Brown_pebbles_stone_251353_lWhat Who I'm in Love With: My new grandson, Owen Lewis Hopman, born October 13, thus becoming the 9th Libra among our extended family and friends.  He was two weeks overdue, and I'm convinced that he just wanted to make certain he had his very own birthday, rather than sharing it with a grandfather, grandmother, father or uncle (two of them), because he wasn't a big baby–7 pounds 6 ounces. 

What I'm Writing: My next novel, the one I started in France.  I'm the kind of writer who doesn't like to talk much about a book until it is done so I'll leave you guessing.  But I was struggling a little bit with the story, so this week I had a plot session with Cathy Yardley, in which she asked me a lot of questions about the story so far.  By the end of the hour, I had designated the inciting incident, plot points, pinch points, and my main character's goals, motivations and conflicts.  Since I no longer belong to a critique group, I really needed someone to bounce ideas off, and she delivered in a huge way.  Highly recommended.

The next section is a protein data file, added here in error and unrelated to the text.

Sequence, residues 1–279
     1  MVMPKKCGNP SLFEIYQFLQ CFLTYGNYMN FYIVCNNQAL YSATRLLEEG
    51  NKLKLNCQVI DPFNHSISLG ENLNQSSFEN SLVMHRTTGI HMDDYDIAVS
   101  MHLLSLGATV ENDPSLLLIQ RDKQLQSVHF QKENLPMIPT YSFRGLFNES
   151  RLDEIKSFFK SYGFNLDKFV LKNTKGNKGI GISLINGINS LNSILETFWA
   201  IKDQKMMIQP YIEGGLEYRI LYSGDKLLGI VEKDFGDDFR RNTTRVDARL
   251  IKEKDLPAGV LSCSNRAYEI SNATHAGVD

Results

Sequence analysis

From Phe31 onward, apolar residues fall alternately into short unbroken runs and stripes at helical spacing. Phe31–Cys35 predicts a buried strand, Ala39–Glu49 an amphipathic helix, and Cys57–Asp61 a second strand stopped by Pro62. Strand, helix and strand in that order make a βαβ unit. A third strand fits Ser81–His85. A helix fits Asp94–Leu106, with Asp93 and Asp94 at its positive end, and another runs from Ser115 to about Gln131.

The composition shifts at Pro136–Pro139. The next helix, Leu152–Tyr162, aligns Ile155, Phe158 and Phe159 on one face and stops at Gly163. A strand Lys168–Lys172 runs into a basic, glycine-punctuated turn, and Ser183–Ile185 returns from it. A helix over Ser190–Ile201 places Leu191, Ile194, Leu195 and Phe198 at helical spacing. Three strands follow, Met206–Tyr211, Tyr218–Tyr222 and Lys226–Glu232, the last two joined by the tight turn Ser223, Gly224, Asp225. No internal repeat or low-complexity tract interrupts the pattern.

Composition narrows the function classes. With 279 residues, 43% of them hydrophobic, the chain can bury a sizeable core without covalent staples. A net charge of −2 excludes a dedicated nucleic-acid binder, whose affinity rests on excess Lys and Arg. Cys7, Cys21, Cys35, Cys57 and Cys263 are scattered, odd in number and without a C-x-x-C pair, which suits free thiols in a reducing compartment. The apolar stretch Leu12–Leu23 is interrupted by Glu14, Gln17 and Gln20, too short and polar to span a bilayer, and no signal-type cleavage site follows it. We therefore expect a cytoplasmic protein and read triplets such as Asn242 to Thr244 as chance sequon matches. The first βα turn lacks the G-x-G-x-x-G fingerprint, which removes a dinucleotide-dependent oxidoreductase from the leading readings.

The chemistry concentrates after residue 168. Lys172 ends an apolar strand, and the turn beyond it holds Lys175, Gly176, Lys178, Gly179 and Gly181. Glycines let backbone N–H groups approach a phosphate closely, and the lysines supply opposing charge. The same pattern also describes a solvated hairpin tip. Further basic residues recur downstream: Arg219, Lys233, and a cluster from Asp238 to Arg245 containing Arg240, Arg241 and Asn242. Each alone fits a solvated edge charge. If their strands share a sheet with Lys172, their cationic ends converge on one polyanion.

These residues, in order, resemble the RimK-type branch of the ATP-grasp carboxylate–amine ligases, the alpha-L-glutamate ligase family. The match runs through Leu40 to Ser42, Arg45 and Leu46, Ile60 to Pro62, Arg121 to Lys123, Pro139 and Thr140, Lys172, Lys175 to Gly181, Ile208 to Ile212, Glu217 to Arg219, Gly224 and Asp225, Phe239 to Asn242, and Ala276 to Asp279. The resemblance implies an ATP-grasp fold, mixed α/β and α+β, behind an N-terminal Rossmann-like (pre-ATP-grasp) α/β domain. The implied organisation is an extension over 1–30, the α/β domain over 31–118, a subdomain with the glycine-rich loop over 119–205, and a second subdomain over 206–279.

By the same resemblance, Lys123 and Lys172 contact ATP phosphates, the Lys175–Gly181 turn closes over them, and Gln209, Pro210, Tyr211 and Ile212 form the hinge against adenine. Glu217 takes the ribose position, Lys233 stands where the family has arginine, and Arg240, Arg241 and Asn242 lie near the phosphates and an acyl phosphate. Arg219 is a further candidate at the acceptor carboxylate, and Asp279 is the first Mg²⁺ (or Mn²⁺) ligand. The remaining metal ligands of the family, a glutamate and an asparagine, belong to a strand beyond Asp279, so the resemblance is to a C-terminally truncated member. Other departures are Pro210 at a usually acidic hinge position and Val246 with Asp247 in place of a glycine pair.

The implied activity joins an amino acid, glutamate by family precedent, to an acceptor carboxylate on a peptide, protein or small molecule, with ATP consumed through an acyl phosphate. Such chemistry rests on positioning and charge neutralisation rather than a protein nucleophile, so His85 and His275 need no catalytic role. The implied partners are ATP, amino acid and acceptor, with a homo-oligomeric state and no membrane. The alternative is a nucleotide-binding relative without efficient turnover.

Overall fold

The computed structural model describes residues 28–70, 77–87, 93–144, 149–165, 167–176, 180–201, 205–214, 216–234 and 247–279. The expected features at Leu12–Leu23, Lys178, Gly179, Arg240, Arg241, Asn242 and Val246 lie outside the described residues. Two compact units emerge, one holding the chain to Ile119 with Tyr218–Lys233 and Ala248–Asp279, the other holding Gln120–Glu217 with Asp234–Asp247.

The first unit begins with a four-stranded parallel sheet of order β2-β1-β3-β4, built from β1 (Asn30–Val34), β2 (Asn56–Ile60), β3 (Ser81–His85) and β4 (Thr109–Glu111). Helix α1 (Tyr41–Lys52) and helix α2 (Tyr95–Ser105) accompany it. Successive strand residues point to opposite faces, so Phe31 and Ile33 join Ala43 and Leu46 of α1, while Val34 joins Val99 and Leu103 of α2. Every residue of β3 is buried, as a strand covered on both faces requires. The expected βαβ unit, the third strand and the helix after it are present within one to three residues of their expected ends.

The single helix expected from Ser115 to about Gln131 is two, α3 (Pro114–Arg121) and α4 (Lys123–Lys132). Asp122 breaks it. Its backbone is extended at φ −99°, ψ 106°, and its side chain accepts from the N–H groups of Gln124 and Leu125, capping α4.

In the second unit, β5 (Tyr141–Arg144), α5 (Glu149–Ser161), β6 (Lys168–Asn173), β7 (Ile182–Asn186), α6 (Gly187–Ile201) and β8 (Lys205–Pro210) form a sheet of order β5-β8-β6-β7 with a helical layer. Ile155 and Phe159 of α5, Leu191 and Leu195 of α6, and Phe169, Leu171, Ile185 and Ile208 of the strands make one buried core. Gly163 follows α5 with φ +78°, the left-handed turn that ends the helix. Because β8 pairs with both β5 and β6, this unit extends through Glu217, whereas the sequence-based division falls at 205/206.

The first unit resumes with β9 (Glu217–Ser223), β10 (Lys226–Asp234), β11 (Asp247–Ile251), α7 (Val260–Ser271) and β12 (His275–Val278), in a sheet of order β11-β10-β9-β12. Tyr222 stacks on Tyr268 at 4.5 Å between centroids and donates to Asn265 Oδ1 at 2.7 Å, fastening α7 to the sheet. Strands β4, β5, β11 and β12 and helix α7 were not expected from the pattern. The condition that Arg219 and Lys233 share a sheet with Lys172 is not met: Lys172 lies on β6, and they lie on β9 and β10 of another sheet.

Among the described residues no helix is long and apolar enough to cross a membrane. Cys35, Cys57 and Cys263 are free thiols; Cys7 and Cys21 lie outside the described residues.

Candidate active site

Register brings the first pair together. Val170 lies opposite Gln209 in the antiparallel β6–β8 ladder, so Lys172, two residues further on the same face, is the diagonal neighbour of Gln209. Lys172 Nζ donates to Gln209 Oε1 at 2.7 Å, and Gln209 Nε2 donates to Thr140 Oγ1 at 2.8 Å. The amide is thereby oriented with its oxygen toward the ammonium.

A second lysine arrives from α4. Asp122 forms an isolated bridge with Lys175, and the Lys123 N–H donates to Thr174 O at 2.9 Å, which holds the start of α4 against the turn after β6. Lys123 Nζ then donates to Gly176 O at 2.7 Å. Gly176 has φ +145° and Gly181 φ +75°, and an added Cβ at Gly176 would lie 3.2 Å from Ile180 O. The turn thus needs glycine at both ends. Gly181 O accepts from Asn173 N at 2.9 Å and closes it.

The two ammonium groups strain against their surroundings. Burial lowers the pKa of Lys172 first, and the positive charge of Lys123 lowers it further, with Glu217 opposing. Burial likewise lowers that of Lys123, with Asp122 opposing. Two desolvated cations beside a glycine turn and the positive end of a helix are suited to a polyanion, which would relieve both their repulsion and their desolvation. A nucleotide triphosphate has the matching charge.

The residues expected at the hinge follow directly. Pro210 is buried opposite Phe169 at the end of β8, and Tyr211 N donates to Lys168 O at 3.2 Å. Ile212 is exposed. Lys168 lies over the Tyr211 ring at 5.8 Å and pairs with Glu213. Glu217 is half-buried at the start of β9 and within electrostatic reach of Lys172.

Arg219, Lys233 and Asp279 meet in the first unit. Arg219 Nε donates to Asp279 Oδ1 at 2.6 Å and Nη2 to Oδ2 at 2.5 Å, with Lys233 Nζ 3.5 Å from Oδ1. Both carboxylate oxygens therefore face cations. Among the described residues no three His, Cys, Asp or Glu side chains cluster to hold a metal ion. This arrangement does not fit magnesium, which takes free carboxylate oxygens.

What I'm Reading:  A silly Christmas/knitting novel set in a small English village, which I can't even remember the name of. It reads like a first draft, self published novel that has not been edited, and yet it was put out by a major house.  Of course, I'm still reading it–and I'm the queen of ditching books–so maybe that's why.  Up next is Making Piece: A Memoir of Love, Loss and Pie by Beth Howard, (research!) and the sequel to Me Before You, the blockbuster-ish novel by Jojo Moyes, which I enjoyed a lot and we used as a teaching book in the 2014 France workshop.  And I still have the gazillion novels I downloaded on my Kindle before I went to France to read.